Collaboration as Superconductor

Matthew Taylor's excellent blog posting at the RSA website is of relevance to all of society, including the construction industry, where much greater collaboration is needed to adopt new technologies in the design and construction of new and existing buildings, to make them fit for the 21st century.

Matthew Taylor highlights the need to align objectives to make collaboration the superconductor of civic energy. A shared and strong vision is needed to bring about this alignment. I recognise this in the construction industry, which has a responsibility to make new and existing buildings fit for the social and environmental imperatives of the 21st Century. There’s a good understanding now about what we need to do, some significant examples with proven results, but national and international progress is slow, for the systemic reasons that are described in the piece. For positive change to happen quickly, we’re going to have to keep on building an exciting vision of what is within reach, and how this change will transform people’s lives for the better, now and in the future. 

Any ideas about how to get the government quickly on board would be much appreciated!

Here is an excerpt, but it's worth reading the whole of Matthew Taylor's piece on the RSA website.

<< Yet, in reality, local agencies - like weak conductors - dissipate available energy by failing to work together. Even when there is an explicit commitment to collaboration (as has been summoned up by the Government’s encouragement of new city regions) there is still huge resistance, with capacity and potential energy leaking out of the system at every stage.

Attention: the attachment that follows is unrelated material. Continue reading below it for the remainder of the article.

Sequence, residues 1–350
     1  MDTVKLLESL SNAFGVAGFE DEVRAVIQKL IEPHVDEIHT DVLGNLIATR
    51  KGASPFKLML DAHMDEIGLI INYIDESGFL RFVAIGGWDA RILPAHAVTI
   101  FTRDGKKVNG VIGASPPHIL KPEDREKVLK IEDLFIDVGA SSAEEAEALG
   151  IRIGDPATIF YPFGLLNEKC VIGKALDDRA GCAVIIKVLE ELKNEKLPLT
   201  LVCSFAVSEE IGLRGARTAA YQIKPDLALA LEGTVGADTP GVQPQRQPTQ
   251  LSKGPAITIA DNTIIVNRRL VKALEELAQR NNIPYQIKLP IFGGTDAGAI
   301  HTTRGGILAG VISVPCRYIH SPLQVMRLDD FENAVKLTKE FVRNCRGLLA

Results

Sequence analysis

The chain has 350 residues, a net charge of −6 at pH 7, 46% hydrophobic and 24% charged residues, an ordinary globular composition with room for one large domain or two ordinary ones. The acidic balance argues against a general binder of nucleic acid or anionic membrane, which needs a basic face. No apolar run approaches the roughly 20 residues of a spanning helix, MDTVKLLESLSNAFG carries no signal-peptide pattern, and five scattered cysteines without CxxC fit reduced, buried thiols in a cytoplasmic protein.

Using the lens of three powers theory, three major forms of resistance can be identified:

In the hierarchical domain, the major problem is inertia. Deep collaboration is challenging for organisations and systems. Too often leaders approach collaboration without a genuine commitment to changing their own priorities and systems. Within organisations, there is often a recognition that to overcome departmentalism demands profound organisational change; for example, matrix management or devolving power to cross cutting teams. But too often, when it comes to inter-agency collaboration, leaders hope to bolt on new shared goals to existing organisational forms.

In the solidaristic domain a key barrier can be emotional inhibition. As a brave health service manager in Essex taught me a few months ago, asking for help can be tranformative.  People can easily commit in principle to working together but powerful things are much more likely to happen when an emotional connection is made. Deep collaboration involves openness, generosity, trust, friendship; leaders have to share doubts and vulnerabilities as they seek to rekindle and collectively personify the ethos of public service and commitment to place.

In the individualistic domain, misaligned incentives are a huge block to collaborative potential. Very often middle managers, front line workers, partners and citizens hear the rhetoric and good intentions of collaboration, but continue to experience a set of incentives aligned with guarded territories and narrow organisational goals. I am currently working with a university exploring how it might work better with other agencies so as to make a bigger contribution to the social and economic priorities of the part of the UK in which it is located. To be serious in this goal, I have argued that senior managers of the university need to have performance targets not just relating to collaboration, but to the wider flourishing of their locality. Deep collaboration is unlikely if employees at all levels are paid and judged only on their contribution to their own organisation’s success.

To achieve superconductivity all three forms of resistance need to be tackled together at a system level. Not only because each matters, but because acting on one domain but not in the other is at best ineffective and can even be counterproductive. For example, much time and effort can be expended on creating new structures and process, but this will be futile if it is not translated into a new collaborative culture and the right individual goals. >>

Justin Bere

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